Using Switch Case in Laravel Blade (With Example)

In Laravel Blade, the @switch directive provides a clean and efficient way to implement switch logic directly in your Blade views. The syntax is clean and simple, consider the code below that colors a task depending on it’s status value:

        <span class="text-warning">Pending</span>

        <span class="text-info">In Progress</span>

        <span class="text-success">Completed</span>

        <span class="text-muted">Unknown</span>

Building upon this quick example, this blog post will guide you through constructing a full application using @switch, @case, and @default logic. We’ll start by creating a fresh Laravel project, defining a model, migration, controller, view, and route.

Additionally, to facilitate testing, we’ll create a factory and a seeder to generate random task data. This follows best practices for data generation in Laravel. If you’ve already populated your database manually or through other means, feel free to skip steps 9 and 10.

Let’s get started!

Step 1: Create a Laravel Project

Begin by creating a new Laravel project using the following commands in your terminal:

composer create-project laravel/laravel switch-example
cd switch-example

Step 2: Create Migration and Model

Generate the migration and model files for the entity you want to switch on. For this example, let’s consider a “Task” entity:

php artisan make:migration create_tasks_table --create=tasks
php artisan make:model Task

Step 3: Add Migration Code

Open the generated migration file and in the up() method define the columns needed for the tasks table:


use Illuminate\Database\Migrations\Migration;
use Illuminate\Database\Schema\Blueprint;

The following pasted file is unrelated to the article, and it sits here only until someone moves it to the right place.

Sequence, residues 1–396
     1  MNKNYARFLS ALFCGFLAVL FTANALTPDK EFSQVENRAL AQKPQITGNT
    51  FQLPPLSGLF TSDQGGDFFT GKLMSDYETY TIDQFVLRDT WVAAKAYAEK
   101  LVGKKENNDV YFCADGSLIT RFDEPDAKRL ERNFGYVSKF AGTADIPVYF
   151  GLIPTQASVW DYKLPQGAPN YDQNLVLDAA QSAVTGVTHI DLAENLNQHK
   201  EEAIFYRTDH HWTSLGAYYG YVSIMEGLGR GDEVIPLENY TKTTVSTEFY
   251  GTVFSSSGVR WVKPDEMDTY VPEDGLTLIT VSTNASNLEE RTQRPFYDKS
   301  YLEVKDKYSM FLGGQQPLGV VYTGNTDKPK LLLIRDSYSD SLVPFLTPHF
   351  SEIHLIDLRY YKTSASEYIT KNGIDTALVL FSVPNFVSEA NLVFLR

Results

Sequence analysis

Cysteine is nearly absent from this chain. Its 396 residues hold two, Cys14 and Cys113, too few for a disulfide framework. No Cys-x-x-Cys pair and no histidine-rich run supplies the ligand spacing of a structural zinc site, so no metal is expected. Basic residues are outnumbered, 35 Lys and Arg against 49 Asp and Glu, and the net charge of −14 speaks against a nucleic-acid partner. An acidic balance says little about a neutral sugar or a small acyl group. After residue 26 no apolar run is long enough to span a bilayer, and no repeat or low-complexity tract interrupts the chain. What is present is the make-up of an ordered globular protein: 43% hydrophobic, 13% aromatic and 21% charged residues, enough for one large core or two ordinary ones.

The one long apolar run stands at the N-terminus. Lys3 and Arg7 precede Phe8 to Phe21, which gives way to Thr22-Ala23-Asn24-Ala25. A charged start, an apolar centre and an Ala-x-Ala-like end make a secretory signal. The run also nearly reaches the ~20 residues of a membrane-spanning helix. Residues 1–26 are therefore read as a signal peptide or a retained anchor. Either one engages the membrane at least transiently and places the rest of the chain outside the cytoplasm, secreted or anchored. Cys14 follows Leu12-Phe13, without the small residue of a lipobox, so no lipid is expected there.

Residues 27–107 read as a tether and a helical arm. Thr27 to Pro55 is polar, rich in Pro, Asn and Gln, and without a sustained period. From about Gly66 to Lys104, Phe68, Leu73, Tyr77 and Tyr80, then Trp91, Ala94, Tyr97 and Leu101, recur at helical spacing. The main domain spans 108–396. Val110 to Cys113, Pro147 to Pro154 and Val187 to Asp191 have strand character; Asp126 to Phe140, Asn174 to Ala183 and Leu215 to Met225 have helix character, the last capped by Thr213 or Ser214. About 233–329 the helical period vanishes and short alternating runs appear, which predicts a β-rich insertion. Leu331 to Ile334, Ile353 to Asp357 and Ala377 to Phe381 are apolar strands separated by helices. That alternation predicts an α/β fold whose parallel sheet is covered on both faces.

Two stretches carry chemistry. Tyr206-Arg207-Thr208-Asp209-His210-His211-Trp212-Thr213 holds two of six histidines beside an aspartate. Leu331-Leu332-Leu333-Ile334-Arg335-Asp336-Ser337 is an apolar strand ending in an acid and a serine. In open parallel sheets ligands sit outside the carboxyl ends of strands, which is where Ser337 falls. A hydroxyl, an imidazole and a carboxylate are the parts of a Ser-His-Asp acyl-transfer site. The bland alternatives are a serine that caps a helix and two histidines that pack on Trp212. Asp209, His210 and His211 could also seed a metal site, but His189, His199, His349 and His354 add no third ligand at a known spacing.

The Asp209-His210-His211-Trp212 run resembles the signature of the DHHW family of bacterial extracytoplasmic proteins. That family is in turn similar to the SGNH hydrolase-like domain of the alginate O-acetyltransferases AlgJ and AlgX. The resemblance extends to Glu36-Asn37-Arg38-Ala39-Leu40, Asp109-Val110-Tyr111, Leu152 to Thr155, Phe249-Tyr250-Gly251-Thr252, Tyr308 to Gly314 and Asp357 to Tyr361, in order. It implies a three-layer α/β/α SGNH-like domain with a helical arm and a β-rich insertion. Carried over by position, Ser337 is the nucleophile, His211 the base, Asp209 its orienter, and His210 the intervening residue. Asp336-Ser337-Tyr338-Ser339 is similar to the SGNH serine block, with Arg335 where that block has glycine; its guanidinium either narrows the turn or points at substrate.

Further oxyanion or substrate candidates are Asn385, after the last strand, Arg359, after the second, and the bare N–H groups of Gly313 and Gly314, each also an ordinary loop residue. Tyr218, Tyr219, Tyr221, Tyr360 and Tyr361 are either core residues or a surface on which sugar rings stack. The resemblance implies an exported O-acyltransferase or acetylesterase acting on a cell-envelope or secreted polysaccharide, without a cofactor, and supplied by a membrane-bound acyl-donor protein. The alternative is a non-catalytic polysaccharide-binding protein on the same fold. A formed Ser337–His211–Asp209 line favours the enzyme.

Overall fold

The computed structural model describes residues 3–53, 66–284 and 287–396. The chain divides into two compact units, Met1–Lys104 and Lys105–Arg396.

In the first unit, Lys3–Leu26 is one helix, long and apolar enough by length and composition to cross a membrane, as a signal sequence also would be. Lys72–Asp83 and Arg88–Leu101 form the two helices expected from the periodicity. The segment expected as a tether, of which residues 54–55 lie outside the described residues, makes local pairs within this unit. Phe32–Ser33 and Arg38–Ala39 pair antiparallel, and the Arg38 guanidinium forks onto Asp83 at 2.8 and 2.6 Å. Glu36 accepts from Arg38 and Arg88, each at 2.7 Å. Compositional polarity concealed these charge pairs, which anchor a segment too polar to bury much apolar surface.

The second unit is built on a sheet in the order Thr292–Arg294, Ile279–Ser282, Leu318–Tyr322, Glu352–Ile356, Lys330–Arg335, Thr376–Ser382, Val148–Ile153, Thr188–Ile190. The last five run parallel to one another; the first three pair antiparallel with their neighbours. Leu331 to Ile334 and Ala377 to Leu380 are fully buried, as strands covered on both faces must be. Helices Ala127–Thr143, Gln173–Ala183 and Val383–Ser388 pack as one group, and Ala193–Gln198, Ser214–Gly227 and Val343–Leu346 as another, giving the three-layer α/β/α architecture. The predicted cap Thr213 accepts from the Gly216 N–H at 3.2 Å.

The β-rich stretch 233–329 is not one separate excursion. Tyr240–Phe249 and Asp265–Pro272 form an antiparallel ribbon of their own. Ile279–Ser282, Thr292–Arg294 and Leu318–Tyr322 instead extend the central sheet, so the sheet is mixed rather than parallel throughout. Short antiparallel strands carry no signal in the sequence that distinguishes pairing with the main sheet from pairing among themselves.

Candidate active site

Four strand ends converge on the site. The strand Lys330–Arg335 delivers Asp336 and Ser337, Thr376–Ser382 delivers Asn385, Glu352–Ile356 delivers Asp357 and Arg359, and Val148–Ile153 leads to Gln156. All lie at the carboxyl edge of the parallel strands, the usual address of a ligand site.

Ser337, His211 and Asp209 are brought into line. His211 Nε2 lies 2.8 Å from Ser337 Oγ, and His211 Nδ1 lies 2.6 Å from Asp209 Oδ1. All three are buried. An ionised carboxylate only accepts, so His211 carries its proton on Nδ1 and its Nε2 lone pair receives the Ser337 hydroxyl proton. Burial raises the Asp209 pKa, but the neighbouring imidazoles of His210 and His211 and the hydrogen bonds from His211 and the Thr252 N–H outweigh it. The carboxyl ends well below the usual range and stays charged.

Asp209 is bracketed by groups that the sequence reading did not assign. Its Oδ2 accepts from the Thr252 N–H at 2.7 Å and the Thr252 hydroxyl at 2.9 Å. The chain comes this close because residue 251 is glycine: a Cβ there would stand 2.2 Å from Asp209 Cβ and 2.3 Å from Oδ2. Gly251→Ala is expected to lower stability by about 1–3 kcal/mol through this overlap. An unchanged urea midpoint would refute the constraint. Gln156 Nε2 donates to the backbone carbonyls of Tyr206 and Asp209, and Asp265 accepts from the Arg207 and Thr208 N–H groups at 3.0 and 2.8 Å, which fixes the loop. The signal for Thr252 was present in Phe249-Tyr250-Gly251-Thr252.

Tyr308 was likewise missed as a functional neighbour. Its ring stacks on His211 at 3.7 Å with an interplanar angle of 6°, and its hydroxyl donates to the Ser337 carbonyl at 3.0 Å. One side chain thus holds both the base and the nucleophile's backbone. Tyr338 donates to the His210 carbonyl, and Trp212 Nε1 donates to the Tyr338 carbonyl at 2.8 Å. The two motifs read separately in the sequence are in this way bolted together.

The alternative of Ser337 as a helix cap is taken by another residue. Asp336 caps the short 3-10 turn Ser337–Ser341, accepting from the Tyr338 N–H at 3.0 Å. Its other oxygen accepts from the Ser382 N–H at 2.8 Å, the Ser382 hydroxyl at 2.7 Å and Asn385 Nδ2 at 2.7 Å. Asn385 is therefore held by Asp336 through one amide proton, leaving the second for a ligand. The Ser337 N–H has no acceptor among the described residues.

use Illuminate\Support\Facades\Schema;

return new class extends Migration
    public function up(): void
        Schema::create('tasks', function (Blueprint $table) {
            $table->enum('status', ['pending', 'in_progress', 'completed'])->nullable();

    public function down(): void

Step 4: Run the Migrations

Create the table in the database by running the migration command:

php artisan migrate

Step 5: Add Model Code

Open Task.php and add the following code:


namespace App\Models;

use Illuminate\Database\Eloquent\Factories\HasFactory;
use Illuminate\Database\Eloquent\Model;

class Task extends Model
    use HasFactory;

    protected $fillable = ['name', 'status'];

This step enables mass assignment of values for both the ‘name’ and ‘status’ attributes, and it also allows us to add and associate a factory class later on.

Step 6: Create a Controller

Generate a controller to handle the logic for displaying tasks:

php artisan make:controller TaskController

Step 7: Add Controller code

Open TaskController.php and add an index() function, which displays all tasks:


namespace App\Http\Controllers;

use App\Models\Task;

class TaskController extends Controller
    public function index()
        $tasks = Task::get();
        return view('tasks.index', compact('tasks'));

Step 8: Create a View With a @switch

Create a Blade view to display the tasks using the code below. This is the part where we utilize @switch + @case directives to display a task in a unique way depending on its status: